I have a (fixed, long) string of bytes that I want to compress, $C$. I use a typical (good) lossless compression algorithm on it, to generate a compressed string of bytes, $C^*$. Then I define a random variable $X$ which samples a bit uniformly at random from $C^*$. Should I expect Prob[X = 0] to be close to 1/2?
A good compression algorithm is defined as one that achieves good information-theoretic bounds, such as Shannon coding.
A counter-example would be a compression algorithm that achieves, on average, a non-equal proportion of bits as the length of $C$ goes to infinity, where the contents of $C$ itself are chosen uniformly at random among all strings of that length.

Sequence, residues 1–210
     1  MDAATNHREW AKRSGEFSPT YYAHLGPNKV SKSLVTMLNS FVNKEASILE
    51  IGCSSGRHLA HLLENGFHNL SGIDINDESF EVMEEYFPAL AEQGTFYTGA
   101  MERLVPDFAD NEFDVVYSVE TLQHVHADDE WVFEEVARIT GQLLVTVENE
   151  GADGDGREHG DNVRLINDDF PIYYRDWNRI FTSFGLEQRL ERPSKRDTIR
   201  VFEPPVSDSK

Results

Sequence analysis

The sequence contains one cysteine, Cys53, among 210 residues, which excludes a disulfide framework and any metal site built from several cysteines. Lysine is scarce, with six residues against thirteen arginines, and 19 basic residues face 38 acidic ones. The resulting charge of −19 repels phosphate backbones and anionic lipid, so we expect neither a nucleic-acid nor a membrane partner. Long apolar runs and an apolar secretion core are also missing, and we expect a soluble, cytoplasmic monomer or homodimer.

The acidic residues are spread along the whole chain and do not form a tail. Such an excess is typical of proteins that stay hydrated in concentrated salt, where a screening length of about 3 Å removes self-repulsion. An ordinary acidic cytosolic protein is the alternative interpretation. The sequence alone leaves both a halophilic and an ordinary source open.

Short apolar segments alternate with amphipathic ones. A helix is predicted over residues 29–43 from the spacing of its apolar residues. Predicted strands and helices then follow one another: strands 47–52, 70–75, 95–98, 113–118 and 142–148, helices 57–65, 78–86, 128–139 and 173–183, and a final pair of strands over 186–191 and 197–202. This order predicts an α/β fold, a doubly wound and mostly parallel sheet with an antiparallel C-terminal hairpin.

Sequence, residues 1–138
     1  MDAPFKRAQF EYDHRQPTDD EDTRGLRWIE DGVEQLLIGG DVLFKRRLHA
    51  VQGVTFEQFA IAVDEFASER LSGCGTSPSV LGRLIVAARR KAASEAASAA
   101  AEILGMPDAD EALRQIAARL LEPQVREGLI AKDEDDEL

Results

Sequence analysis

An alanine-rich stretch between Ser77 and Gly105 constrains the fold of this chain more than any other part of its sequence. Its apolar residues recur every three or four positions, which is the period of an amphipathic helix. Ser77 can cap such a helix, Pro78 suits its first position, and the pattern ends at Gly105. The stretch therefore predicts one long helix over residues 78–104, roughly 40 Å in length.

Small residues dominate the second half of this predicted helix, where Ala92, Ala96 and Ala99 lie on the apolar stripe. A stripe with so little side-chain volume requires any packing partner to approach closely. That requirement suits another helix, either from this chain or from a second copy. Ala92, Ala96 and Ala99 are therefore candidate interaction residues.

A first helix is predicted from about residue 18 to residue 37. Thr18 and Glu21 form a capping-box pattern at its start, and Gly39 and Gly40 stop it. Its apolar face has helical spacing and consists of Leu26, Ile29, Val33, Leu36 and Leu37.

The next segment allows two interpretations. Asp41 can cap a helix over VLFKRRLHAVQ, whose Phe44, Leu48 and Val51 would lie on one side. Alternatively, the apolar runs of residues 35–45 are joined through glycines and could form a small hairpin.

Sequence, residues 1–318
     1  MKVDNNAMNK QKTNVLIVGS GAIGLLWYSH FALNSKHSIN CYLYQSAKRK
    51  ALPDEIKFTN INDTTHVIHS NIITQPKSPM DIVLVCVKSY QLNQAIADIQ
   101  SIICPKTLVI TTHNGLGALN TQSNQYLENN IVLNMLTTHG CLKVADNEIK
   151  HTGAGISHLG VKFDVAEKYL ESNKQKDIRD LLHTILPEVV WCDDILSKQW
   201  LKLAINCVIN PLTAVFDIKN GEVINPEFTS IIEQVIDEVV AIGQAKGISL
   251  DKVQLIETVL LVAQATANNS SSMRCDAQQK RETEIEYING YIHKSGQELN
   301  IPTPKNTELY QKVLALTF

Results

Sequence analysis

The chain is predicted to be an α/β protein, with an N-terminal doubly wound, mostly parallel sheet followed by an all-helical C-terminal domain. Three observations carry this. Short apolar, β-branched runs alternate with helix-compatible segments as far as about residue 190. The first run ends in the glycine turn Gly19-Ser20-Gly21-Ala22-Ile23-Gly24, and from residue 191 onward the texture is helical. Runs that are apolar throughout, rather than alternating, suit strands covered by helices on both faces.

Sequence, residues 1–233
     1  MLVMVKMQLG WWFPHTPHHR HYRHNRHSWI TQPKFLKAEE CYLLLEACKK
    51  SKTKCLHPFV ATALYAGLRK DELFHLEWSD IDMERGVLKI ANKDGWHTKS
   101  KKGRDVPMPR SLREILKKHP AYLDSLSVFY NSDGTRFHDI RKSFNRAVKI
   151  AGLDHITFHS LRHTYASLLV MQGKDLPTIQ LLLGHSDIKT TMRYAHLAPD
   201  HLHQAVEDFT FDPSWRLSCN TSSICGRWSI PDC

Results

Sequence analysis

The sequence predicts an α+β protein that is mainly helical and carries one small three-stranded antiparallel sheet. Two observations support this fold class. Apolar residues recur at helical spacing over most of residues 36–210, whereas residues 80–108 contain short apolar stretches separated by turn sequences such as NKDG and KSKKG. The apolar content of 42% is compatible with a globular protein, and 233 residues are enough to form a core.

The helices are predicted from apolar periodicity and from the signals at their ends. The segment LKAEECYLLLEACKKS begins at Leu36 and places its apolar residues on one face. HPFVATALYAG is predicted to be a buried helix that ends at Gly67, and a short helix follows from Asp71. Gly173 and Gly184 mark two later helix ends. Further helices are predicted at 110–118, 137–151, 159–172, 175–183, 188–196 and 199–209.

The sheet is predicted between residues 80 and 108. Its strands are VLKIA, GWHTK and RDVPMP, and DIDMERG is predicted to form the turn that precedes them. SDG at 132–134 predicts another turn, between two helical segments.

This is to say the following: Let $S(n)$ be a string of length $n$ chosen uniformly at random. Let $C(s)$ be the result of the compression algorithm with input $s$. Let $X(s)$ denote the proportion of '0's in the string $s$. Then the question is whether $X(C(S(n)))$ necessarily converges to $1/2$ as $n$ goes to infinity.